The US hopes that a long and protracted war in Syria would not only weaken the Syrian military, so that it cannot threaten Israel, but would also dismember the key threat to the Israeli state, the ‘Axis of Resistance’. Israel hopes to consolidate its control of the occupied Palestinian and Syrian territories. Since the conclusion of the Six-Day War in 1967, Israel has illegally occupied the Syrian Golan Heights, as part of its process of colonising the region. Tel Aviv informally annexed the region in 1981 when the Golan Heights Law passed and applied Israeli “laws, jurisdiction and administration” to the contested region (Israel Ministry of Foreign Affairs 1981). The Arab Spring provided an opportunity for the staunch US-ally to consolidate its control over the Golan Heights. An additional benefit for Israel was the discovery of oil in the southern Israeli-occupied Golan Heights. Genie Energy were given exclusive rights to the exploration and drilling of this oil. The Board of Advisors to Genie Energy include the 46th US Vice President, Dick Cheney; former CIA head and chairman of the Foundation for Defense of Democracies, James Woolsey; Jacob Lord Rothschild of the London banking dynasty family; and media mogul Rupert Murdoch (Genie Oil Gas 2017). Energy, expansion and security considerations thus drive Israel to assist US hegemonic designs for the destruction of the Syrian state and the redrawing of a New Middle East. The Golan Heights has a 20,000-strong indigenous Syrian Druze population, who are now outnumbered by approximately 25,000 Israeli settlers (Baker 2017). Although the United Nations and Washington have not recognised Israeli control over the Golan Heights, access to Syrian resources serves not only to bolster Israel and US corporate interests, but also to weaken Syria, as the Arab country loses on revenues that could be used towards state-building or re-paying its mounting foreign debt.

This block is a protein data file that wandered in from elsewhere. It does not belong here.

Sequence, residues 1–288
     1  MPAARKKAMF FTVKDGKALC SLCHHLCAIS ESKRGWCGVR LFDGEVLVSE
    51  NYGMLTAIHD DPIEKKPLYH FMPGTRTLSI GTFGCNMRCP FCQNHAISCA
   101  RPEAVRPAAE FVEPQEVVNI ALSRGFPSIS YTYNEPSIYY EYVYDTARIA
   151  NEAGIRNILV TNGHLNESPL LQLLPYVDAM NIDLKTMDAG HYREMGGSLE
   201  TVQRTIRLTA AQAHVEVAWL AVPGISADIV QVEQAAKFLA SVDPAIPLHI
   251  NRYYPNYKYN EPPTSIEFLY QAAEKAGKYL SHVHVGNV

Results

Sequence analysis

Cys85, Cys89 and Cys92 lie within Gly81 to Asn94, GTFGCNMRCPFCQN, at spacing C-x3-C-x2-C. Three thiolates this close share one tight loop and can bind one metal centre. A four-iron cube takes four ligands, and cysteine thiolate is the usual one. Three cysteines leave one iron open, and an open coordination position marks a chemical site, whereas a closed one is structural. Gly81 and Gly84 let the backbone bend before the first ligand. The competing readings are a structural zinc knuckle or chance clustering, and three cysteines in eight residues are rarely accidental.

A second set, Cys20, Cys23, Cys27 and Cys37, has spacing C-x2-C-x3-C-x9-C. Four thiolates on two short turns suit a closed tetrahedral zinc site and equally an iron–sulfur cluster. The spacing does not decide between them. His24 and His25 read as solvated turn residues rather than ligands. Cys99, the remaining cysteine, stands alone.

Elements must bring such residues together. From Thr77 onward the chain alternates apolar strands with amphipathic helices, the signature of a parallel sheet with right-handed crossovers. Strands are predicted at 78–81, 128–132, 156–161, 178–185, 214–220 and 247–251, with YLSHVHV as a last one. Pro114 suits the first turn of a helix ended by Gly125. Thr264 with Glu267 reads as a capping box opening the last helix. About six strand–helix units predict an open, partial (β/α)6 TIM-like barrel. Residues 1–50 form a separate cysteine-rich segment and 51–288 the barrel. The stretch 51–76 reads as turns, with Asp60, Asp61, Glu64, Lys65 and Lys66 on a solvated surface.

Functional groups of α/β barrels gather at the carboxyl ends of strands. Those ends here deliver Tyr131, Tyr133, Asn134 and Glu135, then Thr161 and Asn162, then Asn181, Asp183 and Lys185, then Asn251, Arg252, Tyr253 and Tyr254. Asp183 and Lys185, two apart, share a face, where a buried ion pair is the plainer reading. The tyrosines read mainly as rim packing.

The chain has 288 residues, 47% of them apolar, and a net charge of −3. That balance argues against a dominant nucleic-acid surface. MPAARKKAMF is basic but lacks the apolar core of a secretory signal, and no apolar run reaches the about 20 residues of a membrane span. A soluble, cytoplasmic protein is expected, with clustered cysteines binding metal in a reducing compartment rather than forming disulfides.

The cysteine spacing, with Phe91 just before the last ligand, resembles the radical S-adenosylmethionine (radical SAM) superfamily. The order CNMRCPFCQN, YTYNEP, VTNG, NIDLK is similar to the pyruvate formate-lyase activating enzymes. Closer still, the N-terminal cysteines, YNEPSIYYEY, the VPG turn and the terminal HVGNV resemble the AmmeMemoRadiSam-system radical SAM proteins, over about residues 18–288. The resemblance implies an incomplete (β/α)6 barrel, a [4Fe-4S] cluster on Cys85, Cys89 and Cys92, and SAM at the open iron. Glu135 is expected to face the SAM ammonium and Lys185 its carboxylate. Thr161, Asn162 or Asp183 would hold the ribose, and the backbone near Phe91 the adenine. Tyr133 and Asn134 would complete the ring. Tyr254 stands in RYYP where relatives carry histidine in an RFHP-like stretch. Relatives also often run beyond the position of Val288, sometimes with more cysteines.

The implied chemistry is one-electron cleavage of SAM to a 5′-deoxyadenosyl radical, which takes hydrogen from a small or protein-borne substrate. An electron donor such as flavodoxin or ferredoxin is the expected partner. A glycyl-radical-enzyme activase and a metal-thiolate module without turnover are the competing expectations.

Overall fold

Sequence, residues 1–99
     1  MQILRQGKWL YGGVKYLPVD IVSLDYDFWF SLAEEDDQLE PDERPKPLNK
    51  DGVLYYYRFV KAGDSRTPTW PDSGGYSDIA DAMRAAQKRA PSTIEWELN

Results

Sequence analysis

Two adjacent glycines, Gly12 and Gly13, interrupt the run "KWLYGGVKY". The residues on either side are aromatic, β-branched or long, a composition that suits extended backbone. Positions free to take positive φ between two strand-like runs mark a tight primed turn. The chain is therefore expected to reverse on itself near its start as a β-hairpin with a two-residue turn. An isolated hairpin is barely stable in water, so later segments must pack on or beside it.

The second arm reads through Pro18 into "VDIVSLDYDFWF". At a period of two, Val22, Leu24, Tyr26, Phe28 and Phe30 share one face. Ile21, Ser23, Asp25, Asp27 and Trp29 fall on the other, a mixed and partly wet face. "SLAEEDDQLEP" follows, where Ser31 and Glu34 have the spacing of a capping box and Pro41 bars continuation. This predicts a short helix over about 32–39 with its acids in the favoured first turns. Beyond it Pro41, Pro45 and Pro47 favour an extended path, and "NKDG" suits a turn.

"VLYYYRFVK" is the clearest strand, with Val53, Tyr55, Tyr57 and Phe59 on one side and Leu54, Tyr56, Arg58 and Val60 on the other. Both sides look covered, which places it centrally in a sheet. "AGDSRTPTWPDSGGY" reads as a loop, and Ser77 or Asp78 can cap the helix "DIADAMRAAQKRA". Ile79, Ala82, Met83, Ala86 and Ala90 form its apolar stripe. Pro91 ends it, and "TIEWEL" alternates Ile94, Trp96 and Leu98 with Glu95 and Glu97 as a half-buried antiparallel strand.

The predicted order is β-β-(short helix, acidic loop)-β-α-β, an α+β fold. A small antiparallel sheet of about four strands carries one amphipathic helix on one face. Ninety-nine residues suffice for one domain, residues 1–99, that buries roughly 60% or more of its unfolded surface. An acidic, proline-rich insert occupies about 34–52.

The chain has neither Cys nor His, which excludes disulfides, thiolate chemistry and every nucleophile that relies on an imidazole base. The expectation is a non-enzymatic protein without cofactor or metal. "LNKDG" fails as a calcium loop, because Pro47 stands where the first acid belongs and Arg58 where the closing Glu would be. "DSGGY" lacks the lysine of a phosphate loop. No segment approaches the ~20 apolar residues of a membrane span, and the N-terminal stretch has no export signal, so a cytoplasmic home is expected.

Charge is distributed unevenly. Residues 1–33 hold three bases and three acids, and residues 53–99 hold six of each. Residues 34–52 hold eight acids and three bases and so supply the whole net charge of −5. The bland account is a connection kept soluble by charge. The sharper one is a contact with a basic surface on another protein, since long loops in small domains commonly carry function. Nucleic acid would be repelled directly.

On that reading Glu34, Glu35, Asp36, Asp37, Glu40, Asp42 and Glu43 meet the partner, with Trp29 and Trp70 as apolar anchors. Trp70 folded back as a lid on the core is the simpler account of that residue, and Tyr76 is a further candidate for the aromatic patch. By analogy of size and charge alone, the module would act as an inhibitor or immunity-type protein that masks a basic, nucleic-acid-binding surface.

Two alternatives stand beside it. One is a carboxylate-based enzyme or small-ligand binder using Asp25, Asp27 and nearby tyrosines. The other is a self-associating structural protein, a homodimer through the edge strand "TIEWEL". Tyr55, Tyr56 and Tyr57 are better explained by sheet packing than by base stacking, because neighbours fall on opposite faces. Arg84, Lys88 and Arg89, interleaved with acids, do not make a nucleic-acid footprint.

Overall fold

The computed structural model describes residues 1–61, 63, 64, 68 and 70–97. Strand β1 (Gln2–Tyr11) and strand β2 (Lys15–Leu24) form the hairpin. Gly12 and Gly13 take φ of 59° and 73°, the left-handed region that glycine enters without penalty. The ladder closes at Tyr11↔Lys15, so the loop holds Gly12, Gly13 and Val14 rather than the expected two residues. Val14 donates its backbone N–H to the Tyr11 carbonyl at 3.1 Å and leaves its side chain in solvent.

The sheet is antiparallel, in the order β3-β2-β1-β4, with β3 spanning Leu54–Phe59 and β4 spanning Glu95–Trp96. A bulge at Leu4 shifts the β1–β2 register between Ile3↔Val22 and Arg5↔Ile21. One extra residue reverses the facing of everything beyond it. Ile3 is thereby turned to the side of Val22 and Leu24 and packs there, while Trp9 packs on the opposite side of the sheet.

The ‘Axis of Resistance’ poses the only real threat to the Israeli state, and the protracted war against Syria had the potential to weaken it. Although Israel has not engaged in many direct frontal attacks against Syria, it does enough in attempts to weaken Hezbollah and preserve jihadist forces fighting the Syrian Army near the Golan Heights. The Israeli Minister of Defense claimed in 2015 that “On a strategic level, in other words, we are not intervening on anyone’s behalf” (Fishman 2015). Israel views the war against Syria to be to its own benefit. It might also be suggested that the Syrian War is a front for an Iran-Israel proxy conflict, where neither country has been in direct conflict, but each seeks to undermine the other through proxies. Iran continues to directly fund and arm the Palestinian resistance, including the jihadist group Hamas, the Marxist-Leninist militia of the Popular Front for the Liberation of Palestine, and the Lebanese resistance group Hezbollah, all of which have a stated goal of the destruction of a racially-based Israel (Kilroy 2008: 153).